The group of hackers responsible for the SolarWinds software supply chain attack have continued to seek out ways of indirectly gaining access to enterprise networks by targeting IT and cloud service providers (CSPs) that have admin rights on their customers’ systems through virtue of their business relationship.
In a new report this week, Microsoft warns that since May, the group known as Nobelium has targeted over 140 cloud service resellers and technology providers and has succeeded to compromise as many as 14. Nobelium, also known as APT29 or Cozy Bear, is considered the hacking arm of Russia’s foreign intelligence service, the SVR.
“This recent activity is another indicator that Russia is trying to gain long-term, systematic access to a variety of points in the technology supply chain and establish a mechanism for surveilling — now or in the future — targets of interest to the Russian government,” Tom Burt, corporate vice president for Customer Security & Trust at Microsoft, said in a blog post.
Compromise one to compromise many in the supply chain
Supply chain attacks can come in many forms. They can involve Trojanized software updates like in the SolarWinds, CCleaner (Winnti), NetSarang (ShadowPad) or M.E.Doc (NotPetya) incidents or can involve the abuse of privileged access granted to external contractors, business partners, or IT services providers.
The 2013 credit card breach at Target traced back to the compromised credentials of an HVAC subcontractor. In the past several years, many managed services providers (MSPs) around the world were targeted by ransomware groups to abuse their access to corporate networks.
While security experts have long warned about supply chain risks, enterprises have lagged behind putting the necessary controls and monitoring in place to detect them.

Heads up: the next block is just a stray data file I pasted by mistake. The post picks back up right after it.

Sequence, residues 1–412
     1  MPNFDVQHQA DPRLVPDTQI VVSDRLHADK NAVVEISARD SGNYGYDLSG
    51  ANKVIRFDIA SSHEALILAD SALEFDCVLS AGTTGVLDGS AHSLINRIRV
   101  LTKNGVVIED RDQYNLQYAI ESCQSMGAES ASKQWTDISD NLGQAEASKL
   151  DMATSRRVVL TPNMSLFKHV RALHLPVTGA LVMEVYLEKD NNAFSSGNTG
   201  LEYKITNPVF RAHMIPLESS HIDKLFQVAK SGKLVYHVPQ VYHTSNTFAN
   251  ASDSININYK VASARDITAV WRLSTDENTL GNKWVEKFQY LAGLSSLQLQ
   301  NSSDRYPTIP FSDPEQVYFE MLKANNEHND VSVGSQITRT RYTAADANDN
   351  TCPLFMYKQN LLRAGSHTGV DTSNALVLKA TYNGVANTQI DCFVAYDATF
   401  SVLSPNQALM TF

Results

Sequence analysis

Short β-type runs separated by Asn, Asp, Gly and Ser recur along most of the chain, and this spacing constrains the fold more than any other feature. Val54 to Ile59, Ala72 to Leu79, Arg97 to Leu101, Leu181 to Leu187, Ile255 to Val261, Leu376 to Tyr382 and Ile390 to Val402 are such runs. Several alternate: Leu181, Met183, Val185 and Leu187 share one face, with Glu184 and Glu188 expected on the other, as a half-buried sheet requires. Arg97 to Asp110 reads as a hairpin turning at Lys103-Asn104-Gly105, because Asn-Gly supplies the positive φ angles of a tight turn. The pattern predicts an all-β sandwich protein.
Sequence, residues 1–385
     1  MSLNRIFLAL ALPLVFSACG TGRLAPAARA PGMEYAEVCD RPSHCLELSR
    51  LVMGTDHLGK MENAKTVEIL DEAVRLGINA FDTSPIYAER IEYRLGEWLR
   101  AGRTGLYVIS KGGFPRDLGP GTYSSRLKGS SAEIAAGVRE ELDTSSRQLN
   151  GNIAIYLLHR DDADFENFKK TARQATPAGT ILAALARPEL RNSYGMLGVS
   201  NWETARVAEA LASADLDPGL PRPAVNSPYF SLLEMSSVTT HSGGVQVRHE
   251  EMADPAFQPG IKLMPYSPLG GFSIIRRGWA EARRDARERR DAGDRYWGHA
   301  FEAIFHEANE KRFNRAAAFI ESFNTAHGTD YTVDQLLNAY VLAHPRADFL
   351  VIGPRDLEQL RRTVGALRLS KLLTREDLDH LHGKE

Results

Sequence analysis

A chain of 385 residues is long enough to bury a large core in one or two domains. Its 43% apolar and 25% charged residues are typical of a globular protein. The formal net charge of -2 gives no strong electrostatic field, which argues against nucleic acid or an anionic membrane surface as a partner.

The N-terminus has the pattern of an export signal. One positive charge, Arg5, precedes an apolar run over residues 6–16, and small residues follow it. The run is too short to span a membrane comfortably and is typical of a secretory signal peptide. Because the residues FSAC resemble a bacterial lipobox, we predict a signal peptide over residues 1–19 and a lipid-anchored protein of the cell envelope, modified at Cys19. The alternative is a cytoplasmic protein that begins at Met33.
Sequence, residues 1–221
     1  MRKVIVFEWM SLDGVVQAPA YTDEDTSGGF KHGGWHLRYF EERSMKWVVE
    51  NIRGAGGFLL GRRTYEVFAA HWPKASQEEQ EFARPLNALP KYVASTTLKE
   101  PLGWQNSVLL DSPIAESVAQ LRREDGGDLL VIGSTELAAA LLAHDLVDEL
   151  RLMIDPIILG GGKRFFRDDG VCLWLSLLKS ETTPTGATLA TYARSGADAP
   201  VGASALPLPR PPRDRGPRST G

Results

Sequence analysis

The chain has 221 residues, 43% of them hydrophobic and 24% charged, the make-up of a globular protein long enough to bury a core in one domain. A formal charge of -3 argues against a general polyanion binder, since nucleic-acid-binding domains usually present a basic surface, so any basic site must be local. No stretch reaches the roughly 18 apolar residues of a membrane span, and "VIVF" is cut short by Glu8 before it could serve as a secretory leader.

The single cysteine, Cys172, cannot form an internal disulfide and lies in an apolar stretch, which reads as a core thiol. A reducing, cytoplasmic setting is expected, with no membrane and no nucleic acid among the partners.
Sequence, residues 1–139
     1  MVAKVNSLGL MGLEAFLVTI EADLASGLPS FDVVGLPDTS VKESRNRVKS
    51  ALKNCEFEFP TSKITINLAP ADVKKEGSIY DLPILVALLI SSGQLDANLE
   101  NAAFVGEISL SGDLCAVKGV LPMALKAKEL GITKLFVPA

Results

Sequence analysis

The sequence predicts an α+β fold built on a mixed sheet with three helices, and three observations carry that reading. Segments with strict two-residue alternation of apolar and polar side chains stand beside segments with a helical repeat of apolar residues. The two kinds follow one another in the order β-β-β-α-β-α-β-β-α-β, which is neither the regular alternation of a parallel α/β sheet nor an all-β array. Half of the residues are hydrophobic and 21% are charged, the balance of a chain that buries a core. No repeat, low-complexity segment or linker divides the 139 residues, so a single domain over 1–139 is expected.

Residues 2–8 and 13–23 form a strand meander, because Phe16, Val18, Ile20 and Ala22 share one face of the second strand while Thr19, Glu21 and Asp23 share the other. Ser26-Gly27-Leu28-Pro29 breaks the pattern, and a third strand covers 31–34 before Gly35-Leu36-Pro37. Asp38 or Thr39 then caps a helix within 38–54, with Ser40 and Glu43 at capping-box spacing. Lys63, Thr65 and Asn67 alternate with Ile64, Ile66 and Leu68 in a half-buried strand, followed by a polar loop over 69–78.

Part of why such attacks can be a big blindspot is because defending against them requires a combination of technologies, including up-to-date IT asset and software inventories, logs analysis, behaviour monitoring, network traffic and credential use, implementing principles of least privilege for accounts and software, multi-factor authentication and more. It’s not as easy as patching a vulnerability or deploying endpoint malware detection.
In fact, most of the Nobelium attacks that Microsoft has seen do not exploit any vulnerability. Instead, the group uses well-known techniques like spear phishing, access token theft, unprotected API abuse, and password spraying (i.e., trying common passwords against a list of usernames present in the system). In fact, one successful supply chain attack can collect credentials for additional supply chain attacks.
In one case, the Microsoft researchers traced a Nobelium attack through four distinct providers before reaching a downstream customer. The group gained access to a cloud services provider and launched a spear-phishing attack against an MSP. With the credentials collected from the MSP they jumped to a different cloud service provider where they exploited an AD Azure trust relationship to access an IT provider and finally jump to the end victim’s network.
“By stealing credentials and compromising accounts at the service provider level, Nobelium can take advantage of several potential vectors, including but not limited to delegated administrative privileges (DAP), and then leverage that access to extend downstream attacks through trusted channels like externally facing VPNs or unique provider-customer solutions that enable network access,” the researchers warned in an advisory.
The hackers are very adept at researching and understanding the business and access relationships between various services providers, subscription resellers, and their customers or partners. The downstream organisations that eventually get compromised are carefully selected based on their value to intelligence collection efforts.
“Microsoft assesses that organisations, such as cloud service providers and other technology organisations who manage services on behalf of downstream customers, will be of continued interest to persistent threat actors and are at risk for targeting via a variety of methods, from credential access to targeted social engineering via legitimate business processes and procedures,” the company said.